Despite the efforts, the research space was still losing people. Turnover of staff, early retirement, and clinicians pursuing new and different opportunities were issues seen in neurology departments across the world. "We probably didn’t have enough [neurologists] to start with, but any shift to that made a shortage become much more apparent,” Cudkowicz said. One of her calls to action was to continue to support and empower young investigators, a movement that has been backed by the AAN.
Brenda Banwell, the chief of the division of neurology and codirector of the Neuroscience Center at Children’s Hospital of Philadelphia, finalized the trio of speakers and focused on how the pandemic has affected clinicians themselves. Since its onset, clinicians have been asked to put themselves on the frontline in face of illness and uncertainty, even as national organizations and institutions scrambled to get their grips on the situation.
"There’s been inconsistent messaging from national agencies, particularly regarding effective preventive strategies, not only for ourselves but also for the patients we serve,” she said. “And amidst all this frontline effort and commitment, there’s been a waning of trust and a written erosion of the culture of respect between ourselves and our patients, our community, and our profession."
Banwell called out the impact the pandemic has had on health professionals and their balance of duties as well. She pointed to a study of Massachusetts physicians, which showed the disproportionate impact on men vs women. According to those findings, women were forced to handle more nonphysician duties such as childcare, household responsibilities, and home schooling, whereas men stuck to their typical physician duties.2
Taking away women from the workforce has a major impact, Banwell believes. "If you think about academic promotion and scholarly advancement, again, disproportionately it will be women who will have been set back during these past 2 years, as they remove themselves more from their academic lives to be home with their young children."
As one might expect, the pandemic increased workload for neurology departments. A 2021 survey showed that 25% and 42.3% of all department members and faculty members, respectively, had increased work hours. Additionally, 46.2% of all department members felt a decrease in work-life balance, which was even worse for women (50.5%) than men (33.3%). Burnout was reported by 50% of the staff, with 10% feeling they were burnt out every day. Other stressors reported from that study included finances, increased workload, work-life balance, telemedicine, and childcare and social isolation.3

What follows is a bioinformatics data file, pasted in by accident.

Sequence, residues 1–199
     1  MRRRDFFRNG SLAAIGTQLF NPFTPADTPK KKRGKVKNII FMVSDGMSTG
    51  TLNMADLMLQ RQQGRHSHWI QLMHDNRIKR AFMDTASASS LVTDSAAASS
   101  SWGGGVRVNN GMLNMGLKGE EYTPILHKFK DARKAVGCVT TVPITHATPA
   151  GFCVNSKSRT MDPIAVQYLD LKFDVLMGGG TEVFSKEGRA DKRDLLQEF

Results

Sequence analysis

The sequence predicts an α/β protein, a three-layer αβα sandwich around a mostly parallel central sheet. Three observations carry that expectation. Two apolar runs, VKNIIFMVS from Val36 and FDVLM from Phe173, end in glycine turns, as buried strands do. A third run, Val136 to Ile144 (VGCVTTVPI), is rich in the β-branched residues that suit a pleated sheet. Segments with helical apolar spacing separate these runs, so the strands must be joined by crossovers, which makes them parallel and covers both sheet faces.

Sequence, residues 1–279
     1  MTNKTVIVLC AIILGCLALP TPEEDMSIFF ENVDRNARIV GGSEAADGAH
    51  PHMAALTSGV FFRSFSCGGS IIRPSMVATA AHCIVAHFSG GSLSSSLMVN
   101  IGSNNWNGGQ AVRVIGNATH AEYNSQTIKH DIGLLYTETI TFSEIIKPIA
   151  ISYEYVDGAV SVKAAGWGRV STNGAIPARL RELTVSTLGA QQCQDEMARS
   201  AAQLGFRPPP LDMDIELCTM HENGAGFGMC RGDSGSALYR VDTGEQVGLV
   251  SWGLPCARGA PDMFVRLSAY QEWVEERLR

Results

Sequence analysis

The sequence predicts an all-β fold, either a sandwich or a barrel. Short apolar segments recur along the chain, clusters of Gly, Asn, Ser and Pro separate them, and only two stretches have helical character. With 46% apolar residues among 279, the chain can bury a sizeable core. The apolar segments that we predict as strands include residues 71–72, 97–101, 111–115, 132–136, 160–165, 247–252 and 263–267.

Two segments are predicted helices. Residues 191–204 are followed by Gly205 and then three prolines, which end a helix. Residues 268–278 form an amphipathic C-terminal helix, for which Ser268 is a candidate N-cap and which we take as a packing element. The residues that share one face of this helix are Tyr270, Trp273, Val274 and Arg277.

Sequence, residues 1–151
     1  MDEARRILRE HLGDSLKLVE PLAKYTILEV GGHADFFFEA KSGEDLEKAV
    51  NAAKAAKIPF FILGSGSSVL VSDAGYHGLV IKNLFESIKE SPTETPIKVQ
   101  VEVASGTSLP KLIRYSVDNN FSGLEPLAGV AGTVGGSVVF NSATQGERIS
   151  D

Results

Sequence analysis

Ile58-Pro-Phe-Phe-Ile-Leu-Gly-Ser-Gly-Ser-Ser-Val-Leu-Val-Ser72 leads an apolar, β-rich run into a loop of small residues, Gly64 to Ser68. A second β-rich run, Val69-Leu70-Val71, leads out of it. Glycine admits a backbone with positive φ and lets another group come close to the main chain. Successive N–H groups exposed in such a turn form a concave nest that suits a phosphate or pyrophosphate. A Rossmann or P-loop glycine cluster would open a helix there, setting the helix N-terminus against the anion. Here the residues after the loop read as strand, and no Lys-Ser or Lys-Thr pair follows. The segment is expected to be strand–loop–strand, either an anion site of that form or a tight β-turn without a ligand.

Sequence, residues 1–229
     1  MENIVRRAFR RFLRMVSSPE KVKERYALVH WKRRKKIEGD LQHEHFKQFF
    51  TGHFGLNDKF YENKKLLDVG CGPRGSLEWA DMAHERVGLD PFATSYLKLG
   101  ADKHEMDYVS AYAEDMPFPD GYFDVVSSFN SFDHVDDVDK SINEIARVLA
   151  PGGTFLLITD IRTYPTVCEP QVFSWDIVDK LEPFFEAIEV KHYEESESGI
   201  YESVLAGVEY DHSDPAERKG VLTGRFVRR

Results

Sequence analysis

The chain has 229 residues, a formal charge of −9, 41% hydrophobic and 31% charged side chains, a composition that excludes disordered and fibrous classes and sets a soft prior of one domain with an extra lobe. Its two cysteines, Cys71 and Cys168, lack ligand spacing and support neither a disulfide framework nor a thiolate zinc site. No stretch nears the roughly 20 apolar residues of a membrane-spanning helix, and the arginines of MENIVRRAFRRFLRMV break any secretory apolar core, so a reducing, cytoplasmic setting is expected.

"For the first time, I think, nonmilitary-related neurologists went to work with a sense of fear," Banwell said. "That’s not something we normally experience as neurologists when we go to work. As neurologists and neuroscientists, we understand the importance of mental health. We need to understand the importance of our own mental health and that of our colleagues and friends."
Banwell noted that the issues of burnout were already present before the pandemic and were further exasperated by the situation. She alluded to a 2019 United Kingdom-based study, which showed that 45% of 181 female respondents experience burnout. Most notably, for female neurologists with 3 or more children, only one-third claimed they would be a physician again if they started their career over.4
"I’m a mother of 3. I love what I do. I get up every morning feeling like what I do is a privilege and an honor. What’s different in my career trajectory that gives me joy vs what’s missing in my colleagues who don’t have that feeling? The next study to be done needs to look at that," she said.
As the pandemic continues to evolve, Banwell offered a few last-minute thoughts looking forward. Of them included the ability to adapt and adopt new models for care and new ways of communication. She also put a stress on retention and reinvigoration of the neurology workforce. Small investments over the next 3 years could make the difference between a researcher “making it” or leaving academia. Protected time for innovative and supported education, mentorship, and ideas can energize overworked creative neurologists, she added. Her last call-to-action was to rediscover being "nice" and “connectedness."
"I’ve been holding small group mentor meetings for 4 or 5 faculty at a time and a theme that has come through is that they miss the nice things. The bumping into someone and having a good laugh as you hear about 4-year-olds playing soccer. Or instead of saying, 'What’s your day been like?' and hearing all about the lows of Zoom, talk about the great book you read over the weekend and how that might be something to share," Banwell concluded.